Tangerine Dream Series
Palace Cinemas and Film Club (Darlinghurst’s much-loved boutique video rental store) are proud to present a series of 1980s films from, or combining, a variety of genres – horror, comedy, sci-fi, film-noir, fantasy – but each united in mood and tone by the brooding, pulsating, synthesiser-driven sound of pioneering German electronic group Tangerine Dream. The band’s music scores contributed immensely to the dreamlike (or nightmarish) spell of these seven films, and their influence can still be heard in film and TV soundtracks today. Tickets at the dreamy price of $10 for Movie Club members ($15 for General Admission).
Dates, Locations & Tickets
Risky Business (M)
Next Of Kin (M)
Near Dark (R18+)
Miracle Mile (M)
Dead Kids (R18+)
Thief | July 5
In Michael Mann’s slow-burn existential crime thriller Thief, James Caan plays Frank, a professional jewel thief who wants to marry Jessie (Tuesday Weld) and settle down into a normal life. In order to achieve his dream of a family, Frank–who is used to working solo–has to align himself with a crime boss named Leo (Robert Prosky), who will help him gain the money he needs to start anew. Frank plans to retire after the heist, yet he finds himself indebted to Leo and he struggles to break free. Thief is the first feature film from director Michael Mann (Heat, Collateral) and it seethes with his stylish, atmospheric direction, as well as the alternately dreamy and dread-laden synth score from Tangerine Dream – the influence of both the film and its music can be felt in recent crime films such as Drive (2011) and Good Time (2017).
Risky Business | July 19
In a star-making role, Tom Cruise plays a college-bound teen and aspiring entrepreneur left home alone for the weekend as his parents are on holiday. Encouraged by friends to enjoy his freedom, things quickly spiral out of control after he hires a call girl (Rebecca De Mornay). Despite its reputation as one of the key teen-wish-fulfilment comedies of the 80s, the sharply satirical Risky Business is moodier and more melancholic than suggested by its iconic scene of Cruise dancing in his undies to Bob Seger’s “Old Time Rock & Roll”. Featuring Tangerine Dream’s most famous piece of film music (the ethereal “Love On a Real Train”), Chicago Reader critic Dave Kehr called it “one of the finest film explorations of the end of innocence”, while Roger Ebert wrote “not only invites comparison with The Graduate, it earns it.”
Next of Kin | August 2
A favourite of Quentin Tarantino, this Australian/New Zealand supernatural horror film is about a woman (Jacki Kerin), who inherits a retirement home in which mysterious deaths start to occur, as foretold in her elderly mother’s diary entries… Co-starring Australian cinema legend John Jarratt (Dark Age, Wolf Creek) and featuring a haunting score by Tangerine Dream member Klaus Schulze, this stylish chiller brings to mind Argento’s Suspiria in its more baroque moments, all while remaining its own distinctive beast.
Near Dark | August 16
This cult classic – a hybrid of horror, western, noir and romantic drama – follows a young man (Adrian Pasdar) from small town America who becomes inducted into a nomadic vampire family (including Lance Hendriksen and the late Bill Paxton). The breakthrough second feature for writer-director Kathryn Bigelow (Point Break, The Hurt Locker, Zero Dark Thirty), Near Dark remains one of the most beloved of all vampire films, while establishing Bigelow as a major force in Hollywood genre filmmaking.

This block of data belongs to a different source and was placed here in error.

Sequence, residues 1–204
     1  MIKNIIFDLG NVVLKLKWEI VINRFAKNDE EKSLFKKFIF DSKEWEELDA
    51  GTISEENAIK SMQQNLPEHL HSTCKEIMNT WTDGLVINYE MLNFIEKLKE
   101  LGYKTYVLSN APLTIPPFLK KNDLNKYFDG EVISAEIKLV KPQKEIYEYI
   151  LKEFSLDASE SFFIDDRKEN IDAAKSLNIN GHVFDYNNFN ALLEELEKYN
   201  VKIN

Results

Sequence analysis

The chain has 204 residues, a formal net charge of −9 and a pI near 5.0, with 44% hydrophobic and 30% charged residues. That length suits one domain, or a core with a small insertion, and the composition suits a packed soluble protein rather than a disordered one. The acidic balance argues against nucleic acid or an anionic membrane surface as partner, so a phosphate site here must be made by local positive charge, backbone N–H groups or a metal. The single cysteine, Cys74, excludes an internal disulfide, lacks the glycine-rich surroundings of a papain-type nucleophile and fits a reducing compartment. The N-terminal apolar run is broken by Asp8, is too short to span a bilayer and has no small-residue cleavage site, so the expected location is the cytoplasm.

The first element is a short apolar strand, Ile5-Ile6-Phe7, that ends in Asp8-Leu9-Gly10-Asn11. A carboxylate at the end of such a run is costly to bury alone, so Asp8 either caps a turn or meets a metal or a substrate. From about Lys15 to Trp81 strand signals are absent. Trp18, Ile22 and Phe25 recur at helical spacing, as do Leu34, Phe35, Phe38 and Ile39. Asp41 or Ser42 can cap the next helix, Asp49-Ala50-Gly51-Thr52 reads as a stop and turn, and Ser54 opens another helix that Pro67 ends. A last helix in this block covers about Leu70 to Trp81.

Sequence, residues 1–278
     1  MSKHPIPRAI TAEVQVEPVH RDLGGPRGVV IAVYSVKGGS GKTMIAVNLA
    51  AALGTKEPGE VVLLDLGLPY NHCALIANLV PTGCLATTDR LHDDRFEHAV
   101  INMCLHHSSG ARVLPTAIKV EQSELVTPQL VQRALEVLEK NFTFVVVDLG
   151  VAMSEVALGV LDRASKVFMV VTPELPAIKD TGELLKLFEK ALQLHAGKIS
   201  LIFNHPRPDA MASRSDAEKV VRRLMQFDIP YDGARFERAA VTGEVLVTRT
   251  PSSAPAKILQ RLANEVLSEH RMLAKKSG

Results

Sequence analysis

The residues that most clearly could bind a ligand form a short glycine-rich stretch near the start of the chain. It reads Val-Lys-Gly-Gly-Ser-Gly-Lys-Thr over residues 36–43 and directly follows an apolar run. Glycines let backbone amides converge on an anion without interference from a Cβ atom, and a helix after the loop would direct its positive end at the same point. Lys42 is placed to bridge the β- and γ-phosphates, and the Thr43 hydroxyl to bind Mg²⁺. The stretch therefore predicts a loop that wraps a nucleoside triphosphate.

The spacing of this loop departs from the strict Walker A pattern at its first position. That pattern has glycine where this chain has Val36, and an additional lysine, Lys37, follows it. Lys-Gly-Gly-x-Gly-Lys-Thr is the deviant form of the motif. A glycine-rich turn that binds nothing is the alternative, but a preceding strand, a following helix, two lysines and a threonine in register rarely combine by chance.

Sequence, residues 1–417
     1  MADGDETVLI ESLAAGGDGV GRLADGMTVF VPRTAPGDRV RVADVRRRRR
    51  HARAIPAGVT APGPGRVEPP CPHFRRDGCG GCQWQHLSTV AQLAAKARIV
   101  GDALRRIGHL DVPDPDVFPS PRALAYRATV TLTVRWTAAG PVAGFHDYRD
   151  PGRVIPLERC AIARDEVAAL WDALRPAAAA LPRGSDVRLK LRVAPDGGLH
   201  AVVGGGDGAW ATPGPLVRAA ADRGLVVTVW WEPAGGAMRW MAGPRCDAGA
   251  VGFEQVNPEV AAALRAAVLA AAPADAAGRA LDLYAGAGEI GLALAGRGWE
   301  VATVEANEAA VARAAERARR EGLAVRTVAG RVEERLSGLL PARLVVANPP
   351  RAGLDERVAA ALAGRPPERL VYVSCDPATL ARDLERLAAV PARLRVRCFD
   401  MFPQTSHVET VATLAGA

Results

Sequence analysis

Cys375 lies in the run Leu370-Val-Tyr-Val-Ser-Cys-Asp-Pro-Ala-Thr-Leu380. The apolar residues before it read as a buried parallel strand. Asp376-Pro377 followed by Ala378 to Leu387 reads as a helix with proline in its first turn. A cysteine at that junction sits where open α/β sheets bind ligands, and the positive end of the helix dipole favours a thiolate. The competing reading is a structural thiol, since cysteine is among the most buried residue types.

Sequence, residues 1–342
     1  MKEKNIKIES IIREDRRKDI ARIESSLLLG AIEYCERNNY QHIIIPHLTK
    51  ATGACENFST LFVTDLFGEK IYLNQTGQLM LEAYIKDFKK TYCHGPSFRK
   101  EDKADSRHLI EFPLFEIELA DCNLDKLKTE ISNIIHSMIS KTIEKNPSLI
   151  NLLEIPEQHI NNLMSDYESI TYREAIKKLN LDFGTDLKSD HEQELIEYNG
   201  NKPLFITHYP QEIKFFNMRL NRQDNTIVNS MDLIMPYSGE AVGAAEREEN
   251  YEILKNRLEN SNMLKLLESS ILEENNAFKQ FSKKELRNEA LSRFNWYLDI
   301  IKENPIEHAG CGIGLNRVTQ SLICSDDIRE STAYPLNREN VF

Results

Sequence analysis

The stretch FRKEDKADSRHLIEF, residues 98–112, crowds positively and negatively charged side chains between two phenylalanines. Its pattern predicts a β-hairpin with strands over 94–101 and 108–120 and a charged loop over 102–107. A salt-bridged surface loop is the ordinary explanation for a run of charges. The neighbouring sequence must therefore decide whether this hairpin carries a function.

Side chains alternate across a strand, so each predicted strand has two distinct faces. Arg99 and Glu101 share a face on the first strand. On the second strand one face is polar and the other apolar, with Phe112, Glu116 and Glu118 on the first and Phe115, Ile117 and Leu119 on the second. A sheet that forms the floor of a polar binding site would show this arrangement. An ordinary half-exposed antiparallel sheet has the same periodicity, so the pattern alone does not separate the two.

Miracle Mile | August 30
A young man (Anthony Edwards) meets and falls in love with a young woman (Mare Winningham) at the La Brea Tar Pits in Los Angeles, otherwise known as Miracle Mile. They make a date which he misses, and while searching for her accidentally finds out that the US government are about to start a nuclear war with the Soviet Union. A wholly original blend of young love and apocalyptic terror that fits nicely into the 80s subgenre of darkly comic films that take place over the course of one perilous night (After Hours, Into the Night, Adventures in Babysitting). Journalist and Black Mirror creator Charlie Brooker awarded it with the honor of “Biggest Lurch of Tone” of any film he’d seen.
Dead Kids | September 13
Also known as Strange Behaviour (and very heavily echoed in 1998’s Disturbing Behaviour), this co-production between the US, Australia and New Zealand pays homage to 50s exploitation films in its tale of a mad scientist turning the local children of Galesburg, Illinois (played by Auckland, NZ) into raging homicidal maniacs. Featuring one of the most memorable party scenes from a decade packed with them, this is an overlooked slice of tongue-and-cheek 80s schlock sci-fi/horror.
Legend | September 27
Legend was one of the most hotly-anticipated films of the 80’s, teaming Ridley Scott (following up Blade Runner) with Tom Cruise (fresh from Risky Business & All The Right Moves), with makeup effects by Rob Bottin (The Thing, Robocop) and a score by, of course, Tangerine Dream. Nowhere near the fiasco that its critical drubbing suggests, this fantasy in which Cruise plays a forest dweller who must stop the Lord of Darkness (Tim Curry) from marrying the woman he loves and thus preventing an eternal ice age, is a visual (and aural) feast that equals 80s fantasies like Labyrinth, The Dark Crystal and The Neverending Story in terms of spectacle alone.